NEW HANOVER COUNTY, NC (WWAY) –As New Hanover County continues to be ground zero for the opioid epidemic, a deadly disease looms in the shadows, infecting many unsuspecting people.
“I saw a lot of devastation. I saw people that didn’t do anything but drugs, die in front of me,” Henry Benjamin said.
For years, Benjamin saw a single disease take the lives of those around him.
“It was just like a cancer or something on that order, that everybody shunned away from because they thought it wasn’t in norms,” Benjamin said.
The disease is HIV and Benjamin has lived with it since 1989. He said back then and even today, people believed it was a disease only contracted through sex. But for him and some people in New Hanover County, they got it by shooting up.
“It’s a lot of us out here at this point that are really, really, really, really, really needing it bad, because, like I said, this opioid epidemic is only spreading it even worse,” Benjamin said.
A study by the North Carolina Department of Health and Human services said the rate of HIV in the area has risen in recent years. As of 2016, New Hanover County was in the top 10 North Carolina counties for the number of HIV cases. Sexual transmission remains the number one way to contract the virus. Injection drug use and opioids, however, have played a steady role in the spread.
“We do have probably five to 10 percent of our new diagnoses are from injection drug use and sharing needles. Any kind of substance abuse will also increase the risk of HIV transmission through sexual contact, because if you’re getting high, you’re not always making the best choices about who your partner is and practicing safe sex,” an infectious disease physician at Wilmington Health, Gina Berthold, said.
She also said part of the problem stems from the lack of needle exchange programs throughout the state, until recently.
“Folks were reusing their needles, sharing their needles, getting high with boyfriends, girlfriends, strangers sometimes, and sharing supplies and needles, and all that stuff gets contaminated with blood,” Berthold said. “So if one person has an infection like HIV, now that contaminated blood is on their needle and you’re directly injecting that into your body,”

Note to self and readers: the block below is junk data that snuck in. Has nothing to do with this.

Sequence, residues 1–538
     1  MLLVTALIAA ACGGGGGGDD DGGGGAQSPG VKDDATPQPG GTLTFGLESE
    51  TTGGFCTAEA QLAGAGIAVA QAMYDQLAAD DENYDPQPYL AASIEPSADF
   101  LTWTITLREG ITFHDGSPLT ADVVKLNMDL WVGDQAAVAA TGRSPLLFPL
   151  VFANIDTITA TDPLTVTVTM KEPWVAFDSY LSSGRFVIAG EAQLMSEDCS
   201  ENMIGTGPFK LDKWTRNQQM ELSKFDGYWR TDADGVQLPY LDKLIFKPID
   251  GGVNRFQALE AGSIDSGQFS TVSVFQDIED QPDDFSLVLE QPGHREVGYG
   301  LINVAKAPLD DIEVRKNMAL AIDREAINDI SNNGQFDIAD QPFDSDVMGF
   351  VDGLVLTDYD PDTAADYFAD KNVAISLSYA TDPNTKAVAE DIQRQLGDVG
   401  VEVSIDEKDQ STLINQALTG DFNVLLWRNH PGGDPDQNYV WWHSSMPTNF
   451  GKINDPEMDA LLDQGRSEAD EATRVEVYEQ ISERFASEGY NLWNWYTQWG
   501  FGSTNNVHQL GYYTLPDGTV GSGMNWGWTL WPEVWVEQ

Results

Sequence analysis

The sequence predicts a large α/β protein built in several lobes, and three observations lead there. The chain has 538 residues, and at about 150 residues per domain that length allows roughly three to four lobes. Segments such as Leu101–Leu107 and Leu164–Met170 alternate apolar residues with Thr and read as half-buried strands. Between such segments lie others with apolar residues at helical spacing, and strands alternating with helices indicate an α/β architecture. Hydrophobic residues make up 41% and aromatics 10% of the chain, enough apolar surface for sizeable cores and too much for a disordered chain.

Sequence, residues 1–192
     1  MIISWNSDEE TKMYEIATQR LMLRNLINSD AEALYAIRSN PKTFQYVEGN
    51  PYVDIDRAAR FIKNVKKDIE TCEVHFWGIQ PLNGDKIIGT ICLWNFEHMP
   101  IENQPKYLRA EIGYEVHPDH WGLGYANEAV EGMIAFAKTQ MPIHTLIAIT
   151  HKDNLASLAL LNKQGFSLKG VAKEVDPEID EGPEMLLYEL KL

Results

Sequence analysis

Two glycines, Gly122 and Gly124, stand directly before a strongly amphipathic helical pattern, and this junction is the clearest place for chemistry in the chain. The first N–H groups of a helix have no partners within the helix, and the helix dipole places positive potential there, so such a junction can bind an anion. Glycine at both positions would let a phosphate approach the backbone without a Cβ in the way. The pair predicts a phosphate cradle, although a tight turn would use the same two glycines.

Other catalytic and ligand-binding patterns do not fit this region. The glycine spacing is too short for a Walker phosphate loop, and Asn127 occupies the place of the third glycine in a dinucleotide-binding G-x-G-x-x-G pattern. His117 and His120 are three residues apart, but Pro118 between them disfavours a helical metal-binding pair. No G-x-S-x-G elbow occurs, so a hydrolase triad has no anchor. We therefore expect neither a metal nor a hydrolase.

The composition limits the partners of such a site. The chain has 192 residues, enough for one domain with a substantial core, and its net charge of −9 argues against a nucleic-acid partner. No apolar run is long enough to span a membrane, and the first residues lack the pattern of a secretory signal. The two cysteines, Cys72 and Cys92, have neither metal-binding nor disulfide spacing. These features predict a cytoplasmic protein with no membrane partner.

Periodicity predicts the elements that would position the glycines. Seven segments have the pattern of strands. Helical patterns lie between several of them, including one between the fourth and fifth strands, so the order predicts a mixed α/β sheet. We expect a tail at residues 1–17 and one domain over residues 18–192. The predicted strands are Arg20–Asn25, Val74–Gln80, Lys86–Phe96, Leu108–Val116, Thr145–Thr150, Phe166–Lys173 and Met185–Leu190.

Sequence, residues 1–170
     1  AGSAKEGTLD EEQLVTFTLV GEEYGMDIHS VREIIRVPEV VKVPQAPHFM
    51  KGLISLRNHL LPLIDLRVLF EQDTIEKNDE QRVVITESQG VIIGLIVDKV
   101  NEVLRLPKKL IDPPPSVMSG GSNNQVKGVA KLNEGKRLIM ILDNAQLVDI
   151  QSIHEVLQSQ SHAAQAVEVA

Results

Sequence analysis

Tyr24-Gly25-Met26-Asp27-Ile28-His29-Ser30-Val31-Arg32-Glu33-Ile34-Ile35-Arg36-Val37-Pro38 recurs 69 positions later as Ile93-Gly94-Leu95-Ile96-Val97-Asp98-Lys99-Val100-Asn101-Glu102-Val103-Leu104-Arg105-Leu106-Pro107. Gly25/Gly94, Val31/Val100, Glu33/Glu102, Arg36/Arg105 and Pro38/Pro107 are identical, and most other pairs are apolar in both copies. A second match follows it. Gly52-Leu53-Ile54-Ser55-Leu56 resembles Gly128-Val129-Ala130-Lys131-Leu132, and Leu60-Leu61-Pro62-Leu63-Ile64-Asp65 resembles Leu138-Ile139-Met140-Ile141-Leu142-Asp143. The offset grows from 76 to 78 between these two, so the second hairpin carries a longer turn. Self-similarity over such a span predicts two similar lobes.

She said one of the biggest barriers is to get users in for doctors appointments and to take medication regularly.
“So much of their time and energy is spent getting drugs and using drugs,” Berthold said. “So we really need more resources to help people get clean and stay clean so that they can start taking care of their other problems,”
That is why organizations like the North Carolina Harm Reduction Coalition, focus on things like education and outreach. In order to help a group that has not received much help before.
“Past HIV and AIDS prevention methods left a population of people vulnerable. We could provide condoms, we could provide education, but we could not provide safe access to syringes,” N.C. Harm Reduction Coalition outreach specialist, Margaret Bordeaux, said.
Bordeaux states, as times have changed, so have prevention practices.
“Most importantly, we operate a syringe exchange program here in New Hanover County and surrounding counties,” Bordeaux said.
And now, the N.C. Harm Reduction Coalition is doing a study with Duke Health Systems to find one thing.
“Tracking for the prevalence of Hep-C and HIV amongst syringe exchange participants and looking to see if PrEP could be introduced into syringe exchange programs,” Bordeaux said.
PrEP is a medication that helps keep HIV from becoming AIDS. All of these efforts are to attack HIV head on and bring down the number no matter what.
“This HIV has always been there and it’s a tragedy not only for the individual. You know what I’m saying? But for our community,” Benjamin said.
President Trump’s budget plan released yesterday includes five billion dollars in new funding for the U.S. Department of Health and Human Services to fight the opioid epidemic over the next five years.
Benjamin, Berthold and Bordeaux all said the fight against HIV requires support on all ends from the community to make a change. You can also show your support on March 24 at the HIV & AIDS awareness walk.